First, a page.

If your dog was to be subjected to an aversive, would you rather it occurred randomly or control the timing yourself?
I put this question to a rational positive-reinforcement trainer, who responded unhesitatingly that she would prefer to control the timing of the aversive, so as to minimize fallout, and in order to potentially create some practical inhibition.
The logic of her choice hinges on a pair of sensible assumptions. First, that controlling an aversive (even just the timing) naturally lends any competent handler the opportunity to avoid (or at least temper) detrimental associations; second, that the well-timed application of an aversive has potential utility. Of course, she would prefer to avoid aversives altogether, and clearly stated so.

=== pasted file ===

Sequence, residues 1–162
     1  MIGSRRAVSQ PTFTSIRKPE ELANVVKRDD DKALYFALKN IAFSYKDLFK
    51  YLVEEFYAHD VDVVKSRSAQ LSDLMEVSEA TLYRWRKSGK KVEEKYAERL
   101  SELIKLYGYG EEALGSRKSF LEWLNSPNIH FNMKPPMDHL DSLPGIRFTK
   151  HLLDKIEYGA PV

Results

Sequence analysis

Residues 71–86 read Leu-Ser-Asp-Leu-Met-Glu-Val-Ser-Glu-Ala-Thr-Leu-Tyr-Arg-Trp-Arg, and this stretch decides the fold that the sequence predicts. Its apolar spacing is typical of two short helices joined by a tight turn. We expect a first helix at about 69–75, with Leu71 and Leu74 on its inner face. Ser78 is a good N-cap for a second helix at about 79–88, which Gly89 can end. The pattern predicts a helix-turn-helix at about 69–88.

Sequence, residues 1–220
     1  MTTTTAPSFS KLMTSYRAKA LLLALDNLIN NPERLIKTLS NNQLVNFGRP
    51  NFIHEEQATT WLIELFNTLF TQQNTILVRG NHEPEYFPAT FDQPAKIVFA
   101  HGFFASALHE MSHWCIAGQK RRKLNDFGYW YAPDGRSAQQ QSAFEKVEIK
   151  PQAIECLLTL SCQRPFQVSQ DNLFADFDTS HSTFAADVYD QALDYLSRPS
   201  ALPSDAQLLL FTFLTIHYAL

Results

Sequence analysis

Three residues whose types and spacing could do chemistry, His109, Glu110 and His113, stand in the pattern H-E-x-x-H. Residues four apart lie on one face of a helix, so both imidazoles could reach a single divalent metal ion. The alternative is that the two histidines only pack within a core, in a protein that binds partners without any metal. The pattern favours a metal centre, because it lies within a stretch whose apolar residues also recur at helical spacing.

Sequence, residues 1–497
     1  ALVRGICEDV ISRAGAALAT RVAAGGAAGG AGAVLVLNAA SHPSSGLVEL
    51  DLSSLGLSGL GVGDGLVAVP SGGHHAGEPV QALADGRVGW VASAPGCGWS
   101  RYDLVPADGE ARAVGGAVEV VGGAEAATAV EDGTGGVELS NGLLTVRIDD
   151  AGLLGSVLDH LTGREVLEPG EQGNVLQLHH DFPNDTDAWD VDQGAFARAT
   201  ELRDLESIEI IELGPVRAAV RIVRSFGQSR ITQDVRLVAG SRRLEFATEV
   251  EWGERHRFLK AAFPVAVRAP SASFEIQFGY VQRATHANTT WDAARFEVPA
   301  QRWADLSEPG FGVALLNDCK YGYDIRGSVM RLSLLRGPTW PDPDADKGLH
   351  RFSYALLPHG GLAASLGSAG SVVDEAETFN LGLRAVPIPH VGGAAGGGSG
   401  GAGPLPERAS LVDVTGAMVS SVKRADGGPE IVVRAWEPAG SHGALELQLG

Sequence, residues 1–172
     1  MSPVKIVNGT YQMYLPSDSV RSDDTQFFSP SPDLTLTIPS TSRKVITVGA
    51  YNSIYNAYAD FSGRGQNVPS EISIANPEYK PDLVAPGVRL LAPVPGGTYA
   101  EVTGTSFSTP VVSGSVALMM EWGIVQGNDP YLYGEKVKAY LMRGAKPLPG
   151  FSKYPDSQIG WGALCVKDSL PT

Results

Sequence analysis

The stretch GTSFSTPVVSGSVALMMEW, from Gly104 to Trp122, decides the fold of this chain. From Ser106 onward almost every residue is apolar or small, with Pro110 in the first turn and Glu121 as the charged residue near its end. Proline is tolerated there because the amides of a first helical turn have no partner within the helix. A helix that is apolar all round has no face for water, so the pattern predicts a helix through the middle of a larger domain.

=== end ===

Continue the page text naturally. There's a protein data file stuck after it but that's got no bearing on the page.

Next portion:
No surprise, given the well-publicized risks. According to the American Veterinary Society of Animal Behavior,
the potential adverse effects of punishment [include] but are not limited to: inhibition of learning, increased fear-related and aggressive behaviors, and injury to animals and people
Moreover, we are warned that risks such as extreme generalized fear and negative associations with the dog’s environment or handler, can occur “regardless of the strength of the punishment.”
This last claim must rest on belief in a dark sort of behavioral homeopathy, whereby the magical effects of punishment  endure despite its infinite dilution.